Management It is usually not possible to identify the infecting organism from blood cultures or skin swabs. and radiation therapy.4). In patients who are allergic to penicillin. and painful. warm. which damage the lymphatics. within a few hours. Oral phenoxymethyl penicillin and flucloxacillin or erythromycin should be given. Note the sharply demarcated areas of erythema. ulcers. Common pathogens are group A streptococci or Staphylococcus aureus in adults and Haemophilus influenzae type B in children.114 Skin infections and infestations Differential diagnosis Infected eczema may look similar and. 9.3). .2 Streptoccocal cellulitis. there is no clear distinction between involved and uninvolved skin. of course. In cellulitis that involves the deeper layer. In erysipelas. Swabs should be taken from the nares of the patient and family members.2). and often only a mild fever but with diffuse swelling and pain (9. those with eczema are predisposed to impetigo. infection of the subcutaneous tissues results in destruction of fat and fascia with pain out of proportion to the clinical signs. and there is prominent streaking of the draining lymphatics. one of which has ruptured. the skin becomes erythematous. Differential diagnosis Secondarily infected eczema is common around leg ulcers but the skin is not warm to the touch. there is a clear line of demarcation between involved and uninvolved skin (9. oedematous. lymph node resections. which rupture (9. Prognosis Recurrence is common.3 Erysipelas. Note the well-defined red area and the formation of bullae. Cellulitis Introduction Cellulitis and erysipelas are bacterial infections involving the dermis and subcutaneous tissues. The area should be treated topically with fucidic acid or systemically with flucloxacillin or clarithromycin. 9. If the patient is toxic. Breaks in the skin such as surgical wounds. Previous episodes of cellulitis. or tinea pedis predispose to cellulitis by providing a portal of entry for the bacteria. also predispose to cellulitis. ciprofloxacin can be used. antibiotics should be given intravenously initially. In necrotizing fasciitis. abrasions. which tends to involve the more superficial layers and cutaneous lymphatics. Urgent surgical debridement is needed. Clinical presentation Patients present with sudden onset of malaise and. Needle aspiration from the subcutaneous tissues and blood cultures can be helpful. Management The lesions should be swabbed to identify the infecting bacterium and its sensitivity. The skin may form bullae.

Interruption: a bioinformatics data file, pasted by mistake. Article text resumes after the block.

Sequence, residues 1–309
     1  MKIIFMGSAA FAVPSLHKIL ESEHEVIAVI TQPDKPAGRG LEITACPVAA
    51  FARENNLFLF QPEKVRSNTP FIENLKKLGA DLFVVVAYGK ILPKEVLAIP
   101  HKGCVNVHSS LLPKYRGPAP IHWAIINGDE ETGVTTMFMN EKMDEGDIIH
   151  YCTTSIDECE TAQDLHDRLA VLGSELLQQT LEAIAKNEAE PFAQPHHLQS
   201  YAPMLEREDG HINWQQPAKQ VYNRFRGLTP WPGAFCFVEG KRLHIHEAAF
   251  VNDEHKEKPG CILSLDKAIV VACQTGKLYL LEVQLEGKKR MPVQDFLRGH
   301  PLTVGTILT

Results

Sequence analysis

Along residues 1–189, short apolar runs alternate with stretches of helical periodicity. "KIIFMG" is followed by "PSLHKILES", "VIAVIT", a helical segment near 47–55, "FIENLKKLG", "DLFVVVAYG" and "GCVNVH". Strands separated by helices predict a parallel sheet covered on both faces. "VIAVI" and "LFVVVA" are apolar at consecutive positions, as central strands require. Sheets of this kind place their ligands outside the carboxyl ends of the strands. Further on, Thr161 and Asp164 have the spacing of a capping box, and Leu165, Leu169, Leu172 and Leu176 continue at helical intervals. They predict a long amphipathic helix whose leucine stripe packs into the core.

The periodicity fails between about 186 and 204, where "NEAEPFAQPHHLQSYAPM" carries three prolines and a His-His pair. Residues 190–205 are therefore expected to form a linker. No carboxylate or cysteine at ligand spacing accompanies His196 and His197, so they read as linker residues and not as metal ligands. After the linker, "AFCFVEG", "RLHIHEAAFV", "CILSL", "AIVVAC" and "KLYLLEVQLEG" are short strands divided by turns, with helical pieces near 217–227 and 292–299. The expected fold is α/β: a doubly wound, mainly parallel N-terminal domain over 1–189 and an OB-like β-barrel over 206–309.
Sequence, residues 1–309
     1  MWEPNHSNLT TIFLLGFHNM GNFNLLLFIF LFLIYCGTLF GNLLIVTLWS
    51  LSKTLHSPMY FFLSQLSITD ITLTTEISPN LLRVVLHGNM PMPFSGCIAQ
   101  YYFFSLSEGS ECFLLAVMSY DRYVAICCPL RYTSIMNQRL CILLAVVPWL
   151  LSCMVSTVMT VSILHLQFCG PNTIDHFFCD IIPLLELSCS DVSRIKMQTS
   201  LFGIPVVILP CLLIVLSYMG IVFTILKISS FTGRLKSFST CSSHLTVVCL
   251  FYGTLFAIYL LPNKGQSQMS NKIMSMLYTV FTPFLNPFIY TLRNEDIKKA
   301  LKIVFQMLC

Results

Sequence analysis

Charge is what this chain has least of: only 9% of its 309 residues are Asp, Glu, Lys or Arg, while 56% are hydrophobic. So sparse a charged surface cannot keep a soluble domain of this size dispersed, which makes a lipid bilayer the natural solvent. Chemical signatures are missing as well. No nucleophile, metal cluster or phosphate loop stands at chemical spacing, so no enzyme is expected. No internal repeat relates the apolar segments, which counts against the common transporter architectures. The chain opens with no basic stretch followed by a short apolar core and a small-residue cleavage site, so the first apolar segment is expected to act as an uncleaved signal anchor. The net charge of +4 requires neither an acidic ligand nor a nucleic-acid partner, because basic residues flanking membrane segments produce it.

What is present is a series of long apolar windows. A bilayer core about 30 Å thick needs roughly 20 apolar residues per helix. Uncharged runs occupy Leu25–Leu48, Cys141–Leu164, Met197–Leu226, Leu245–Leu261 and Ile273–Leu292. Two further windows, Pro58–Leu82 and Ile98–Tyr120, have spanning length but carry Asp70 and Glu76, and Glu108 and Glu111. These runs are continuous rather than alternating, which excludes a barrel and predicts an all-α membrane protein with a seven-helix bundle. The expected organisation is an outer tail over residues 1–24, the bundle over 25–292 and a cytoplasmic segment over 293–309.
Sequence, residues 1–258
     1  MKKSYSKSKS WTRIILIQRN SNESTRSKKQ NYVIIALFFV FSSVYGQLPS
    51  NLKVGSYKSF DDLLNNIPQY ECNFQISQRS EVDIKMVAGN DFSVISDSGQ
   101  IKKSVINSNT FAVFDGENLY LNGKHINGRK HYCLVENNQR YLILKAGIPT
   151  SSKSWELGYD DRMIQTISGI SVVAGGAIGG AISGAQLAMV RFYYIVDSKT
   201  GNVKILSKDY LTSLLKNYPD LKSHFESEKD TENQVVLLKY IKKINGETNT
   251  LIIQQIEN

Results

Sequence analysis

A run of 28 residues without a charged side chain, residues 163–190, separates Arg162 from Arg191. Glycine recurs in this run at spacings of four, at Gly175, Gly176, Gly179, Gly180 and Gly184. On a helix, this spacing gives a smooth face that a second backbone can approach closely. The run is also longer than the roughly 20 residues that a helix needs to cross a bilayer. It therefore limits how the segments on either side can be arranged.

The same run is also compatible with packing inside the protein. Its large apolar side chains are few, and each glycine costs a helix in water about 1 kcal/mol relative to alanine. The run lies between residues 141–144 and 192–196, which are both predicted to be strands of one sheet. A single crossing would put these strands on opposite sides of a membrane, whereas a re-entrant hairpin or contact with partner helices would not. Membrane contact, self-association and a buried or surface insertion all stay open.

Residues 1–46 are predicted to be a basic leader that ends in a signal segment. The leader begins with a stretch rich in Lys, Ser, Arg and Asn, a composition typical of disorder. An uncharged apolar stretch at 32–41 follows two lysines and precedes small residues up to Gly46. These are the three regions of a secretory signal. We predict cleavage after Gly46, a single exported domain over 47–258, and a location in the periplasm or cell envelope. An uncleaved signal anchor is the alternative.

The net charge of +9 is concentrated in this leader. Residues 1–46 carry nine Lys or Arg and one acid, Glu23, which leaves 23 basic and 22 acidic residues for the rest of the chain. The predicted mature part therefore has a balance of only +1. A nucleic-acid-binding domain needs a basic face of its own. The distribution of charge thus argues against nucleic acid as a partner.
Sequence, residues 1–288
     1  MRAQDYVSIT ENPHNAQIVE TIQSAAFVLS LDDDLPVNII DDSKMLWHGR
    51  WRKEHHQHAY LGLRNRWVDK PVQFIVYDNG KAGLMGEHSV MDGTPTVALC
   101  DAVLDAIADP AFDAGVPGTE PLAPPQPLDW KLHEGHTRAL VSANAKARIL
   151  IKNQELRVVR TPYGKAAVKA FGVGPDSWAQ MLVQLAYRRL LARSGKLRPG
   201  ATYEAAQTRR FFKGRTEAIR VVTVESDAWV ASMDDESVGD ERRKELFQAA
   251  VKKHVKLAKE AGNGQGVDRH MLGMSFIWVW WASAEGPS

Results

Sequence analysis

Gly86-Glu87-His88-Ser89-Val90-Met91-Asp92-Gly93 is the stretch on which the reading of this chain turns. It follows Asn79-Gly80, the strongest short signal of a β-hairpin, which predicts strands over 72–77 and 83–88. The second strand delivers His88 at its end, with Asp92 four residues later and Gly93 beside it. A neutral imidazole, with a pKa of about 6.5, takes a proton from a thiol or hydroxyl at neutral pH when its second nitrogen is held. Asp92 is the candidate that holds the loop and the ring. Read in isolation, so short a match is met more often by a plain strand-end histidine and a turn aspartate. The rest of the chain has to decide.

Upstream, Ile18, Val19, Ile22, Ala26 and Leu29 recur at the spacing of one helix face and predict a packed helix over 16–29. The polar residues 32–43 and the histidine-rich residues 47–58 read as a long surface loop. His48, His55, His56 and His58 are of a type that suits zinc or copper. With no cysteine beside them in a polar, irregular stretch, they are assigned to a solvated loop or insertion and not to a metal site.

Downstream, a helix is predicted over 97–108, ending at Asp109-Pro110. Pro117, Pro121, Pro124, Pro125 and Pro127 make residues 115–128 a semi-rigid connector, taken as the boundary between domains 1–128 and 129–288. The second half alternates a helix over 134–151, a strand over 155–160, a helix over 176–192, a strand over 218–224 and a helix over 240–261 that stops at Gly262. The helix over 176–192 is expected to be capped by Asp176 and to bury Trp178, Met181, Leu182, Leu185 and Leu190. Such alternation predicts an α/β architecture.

however. The feet usually have an offensive smell.Skin infections and infestations 115 Prognosis Recurrence after antibiotic treatment occurs in about 25% of cases and may be spontaneous or initiated by quite minor trauma. It usually occurs in those with sweaty feet. 9. it is sometimes mistaken for a fungal infection.5). Management The bacterial infection responds to topical antibiotics such as fusidic acid cream. 9. Note the punched out circular pits and furrows. Differential diagnosis The appearance (and smell) are characteristic. These bacteria excrete enzymes that degrade keratin and thereby produce the characteristic pitted surface. and Micrococcus spp. such as work boots or trainers. . Pitted keratolysis Introduction This is a common superficial bacterial infection occurring on the soles of the feet. or those who wear occlusive footwear. or acne medications such as clindamycin solution. Clinical presentation The skin over the weight-bearing areas appears moist and oedematous with punched out circular pits and furrows.5 Pitted keratolysis. over the weight-bearing areas. Dermatophilus. Several species of bacteria have been implicated including Corynebacterium. resembling the surface of the moon. resembling the surface of the moon (9.4 Necrotizing fasciitis with necrotic muscle. Prognosis It is important to dry the skin of the feet to prevent recurrences. Recurrent cases may require long-term prophylactic treatment with low-dose penicillin or erythromycin. Options include 20% aluminium chloride (Drichlor) or 10% formaldehyde soaks.